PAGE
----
Not Disqualified

not disqualified

I have always been quiet and reserved, preferring a small group of close friends or a good book in a coffee shop. I HATED being called on to answer in class because I process information internally, and that can take awhile. I am happy to be the listener rather than the talker, particularly in large group settings.

For a long time, I felt like my personality disqualified me from cross-cultural service.

All the amazing workers I read about growing up seemed fiery and determined, pioneering entrepreneurs who could preach to the crowds with ease. I am nothing like that. Who was I to join their ranks?

My years of overseas service were stretching, to say the least. My introvert tank was regularly depleted by relational, “front porch” ministry, which meant sitting and chatting for hours at a time. Starting up intentional spiritual conversations created knots in my stomach and tension in my shoulders, requiring a long recovery time and abundant chocolate.

So often I longed to be someone else. To have been created with a different personality. I found myself praying regularly, “Lord, I feel like you called me, but couldn’t You have made me more outgoing and less fearful? Where is my place?”

I wish I could tell you story after story of how God used my personality specifically for His glory, or how being quiet somehow actually came in handy. I wish I could tell you my prayers no longer contain questions about why I am the way I am, or that I’ve grown and matured so much that all the negative aspects of my personality are gone.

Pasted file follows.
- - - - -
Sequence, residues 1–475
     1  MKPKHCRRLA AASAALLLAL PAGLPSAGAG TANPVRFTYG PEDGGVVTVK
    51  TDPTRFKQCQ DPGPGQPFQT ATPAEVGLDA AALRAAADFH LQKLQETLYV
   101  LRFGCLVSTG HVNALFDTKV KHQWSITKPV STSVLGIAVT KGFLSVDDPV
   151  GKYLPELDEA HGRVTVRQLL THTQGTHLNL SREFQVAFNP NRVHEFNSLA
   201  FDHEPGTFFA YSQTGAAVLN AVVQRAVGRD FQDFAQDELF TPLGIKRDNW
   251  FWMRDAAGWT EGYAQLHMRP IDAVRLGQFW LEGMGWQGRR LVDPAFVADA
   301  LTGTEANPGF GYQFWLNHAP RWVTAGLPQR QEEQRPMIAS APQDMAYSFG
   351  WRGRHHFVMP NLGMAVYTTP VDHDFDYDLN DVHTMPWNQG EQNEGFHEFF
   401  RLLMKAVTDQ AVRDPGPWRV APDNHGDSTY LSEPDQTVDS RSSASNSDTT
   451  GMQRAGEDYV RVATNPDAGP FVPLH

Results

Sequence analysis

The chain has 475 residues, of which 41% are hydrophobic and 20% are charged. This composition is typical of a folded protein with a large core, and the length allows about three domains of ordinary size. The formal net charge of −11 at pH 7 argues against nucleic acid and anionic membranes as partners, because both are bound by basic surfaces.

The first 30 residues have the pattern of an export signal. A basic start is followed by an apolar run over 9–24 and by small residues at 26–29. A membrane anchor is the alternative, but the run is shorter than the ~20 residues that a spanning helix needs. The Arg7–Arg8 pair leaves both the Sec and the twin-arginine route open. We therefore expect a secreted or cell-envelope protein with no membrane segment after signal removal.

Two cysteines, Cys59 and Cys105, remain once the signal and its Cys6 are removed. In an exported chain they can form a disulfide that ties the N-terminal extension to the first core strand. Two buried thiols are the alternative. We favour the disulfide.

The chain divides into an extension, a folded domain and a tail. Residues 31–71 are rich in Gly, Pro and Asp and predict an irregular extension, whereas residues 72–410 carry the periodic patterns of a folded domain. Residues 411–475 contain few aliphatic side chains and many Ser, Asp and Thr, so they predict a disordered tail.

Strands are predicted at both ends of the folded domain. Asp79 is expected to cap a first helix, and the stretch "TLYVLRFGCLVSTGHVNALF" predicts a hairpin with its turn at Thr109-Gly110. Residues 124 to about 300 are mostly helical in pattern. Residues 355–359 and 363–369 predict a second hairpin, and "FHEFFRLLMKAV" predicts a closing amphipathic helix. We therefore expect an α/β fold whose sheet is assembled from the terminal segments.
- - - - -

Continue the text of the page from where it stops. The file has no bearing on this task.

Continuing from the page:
But I’m not there yet. I’m still navigating what it means to live authentically for the Kingdom in all the expressions of an Ennegram 6, ISFJ, introvert- all that makes me who I am. I still question, still shrink back and stumble and try to take another courageous step.

For me, part of taking those steps is celebrating when I do. As I try to become at home in my personality with grace and humility, I look for areas of growth and cheer myself on there.

It also helps to have other cheerleaders on the journey, people who love us for who we are and also desire to help us keep growing. My teammate in Cambodia knew how hard it was for me to speak in the local language, let alone jump in to a conversation with strangers. While we were still in language school, we visited a fishing village and stayed with a local pastor. The pastor’s wife took us around to meet different families, and in one area a group gathered around to check out the two foreigners. An opportunity opened up where we could share Truth, and everything in me wanted to shrink back and let someone else do the talking. My teammate nudged me forward, pushing me into the spotlight and giving silent encouragement that I could do it. And I did.

When I stop thinking about becoming someone else and really look at the beauty and diversity of all the personalities God has created, I marvel at how He desires to use each of us. Not one of us is disqualified from serving Him, whether we feel like we are too much or too little, the wrong combination of letters, or disliking those labels altogether. He pulls us together to be strong in the areas where others are weak, to be filled with His Spirit when our own strength is gone and to journey together as we figure out how to be all He made us to be.

Have you ever felt like you were disqualified from serving the Lord because of a certain aspect of your personality? How do you celebrate your growth steps along the way?